I first met my friend Tim about seven years ago, although we were more like casual acquaintances back then. He is a wine distributor and we would talk briefly about wine and not much else. But we became friends two and a half years ago on my birthday; we were both hanging out at the same bar and my friend Tracie gave me a bottle of Tignanello. Tim was impressed.
The last couple years, when the latest BV Latour Private Reserve Cabernet has become ready to drink, we have made a point to get together with Tracie and drink it. Instead of going to a bar or restaurant this year, I suggested we get together on my patio and have some cheese with the wine. Tim agreed and said he would also bring a 1983 Chateau d'Yquem. Tracie promised this wine would be a "once-in-a-lifetime opportunity." I looked up the 1983 on a couple websites. The bottles I found were going for between $700 and $1100. There is no way Tim was going to bring over a bottle of this.... was there?
I said I would get some bread and cheese and Tracie could handle the salami. (If you think I made a lewd joke to her about that, well then you know me well.) I got some Boursin and some burrata. (Tim also brought over some Stilton.) I toasted several slices of a baguette, then topped them with pieces of roasted red pepper, chopped basil, and burrata. Tracie picked up some Toscano salami, soppressata, and salumi.
The first wine we started with was a Koehler Cabernet. This was the winery my friends Jim and Rachel got married at last year, and this was the last bottle I had left from that weekend. It was outstanding. Tim had never tried it before, and he really liked it as well.
Then we moved on to the BV Latour. I have always loved this wine. It's possible this was the first wine I ever tried. (My dad has a collection of them going back almost 50 years.) This bottle was the 2006, and it was phenomenal. I loved the 2005 we tried a year ago, but I do not remember loving it this much. By this point in the evening our friend Murph had joined us, and he summed it up best with one word: "Amazing."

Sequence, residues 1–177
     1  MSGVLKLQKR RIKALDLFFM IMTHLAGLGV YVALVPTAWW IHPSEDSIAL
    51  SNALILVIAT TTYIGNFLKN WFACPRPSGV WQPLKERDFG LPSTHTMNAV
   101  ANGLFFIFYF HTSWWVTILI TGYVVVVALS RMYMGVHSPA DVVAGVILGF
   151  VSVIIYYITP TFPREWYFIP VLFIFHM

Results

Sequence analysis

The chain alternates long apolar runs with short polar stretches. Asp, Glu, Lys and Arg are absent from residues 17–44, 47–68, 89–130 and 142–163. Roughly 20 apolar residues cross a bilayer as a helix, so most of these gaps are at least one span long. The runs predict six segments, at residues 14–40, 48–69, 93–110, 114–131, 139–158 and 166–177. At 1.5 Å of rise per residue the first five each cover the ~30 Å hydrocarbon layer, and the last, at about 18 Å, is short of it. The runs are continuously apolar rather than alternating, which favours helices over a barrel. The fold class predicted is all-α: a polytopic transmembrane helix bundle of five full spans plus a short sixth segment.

After finishing the Latour, we still had plenty of cheese left and we wanted some more red wine before we moved on. Tracie and Murph were willing to run down to the liquor store, but then Tim said "I just remembered I have two cases of Numanthia Termes in my car. It's for a friend but I'm giving it to him at cost so he won't mind if it's one bottle short." It was a very good wine, but it suffered in comparison to the Latour, as most wines would. I liked it a lot and I would love to try a bottle by itself at some point, but it was not nearly as deep as the Latour.
Then we moved on to the Sauternes. The cork was damaged and it took Tim a while to get it out, but he did, quite impressively. This Chateau d'Yquem was, to put it simply, one of the most spectacular things I have ever experienced. (Murph inquired about the cost; Tim said "If you tried to buy this bottle today it would probably cost you about a thousand bucks." Oh.) The aroma of the wine, which we enjoyed for several minutes before tasting it, was as decadent as anything I have ever smelled.
I can't really describe the taste: caramel, vanilla, tropical fruit - they were all there. We drank it slowly with some shortbread cookies and fig cake. Tracie held her glass up, pointing out what looked like sugar crystals. Murph even sat aside the ever-present Dr Pepper (that accompanies whatever alcohol he is drinking) so he could concentrate on the wine. Tim thanked us for allowing him to share his wine with us, as if somehow we were doing him a favor.
I let that last sip linger in my glass for at least fifteen minutes. I wanted it so much and yet didn't want it at all; I didn't want it to end. Eventually I closed my eyes and finished it. I may have tasted better things in my life, but I do not remember when.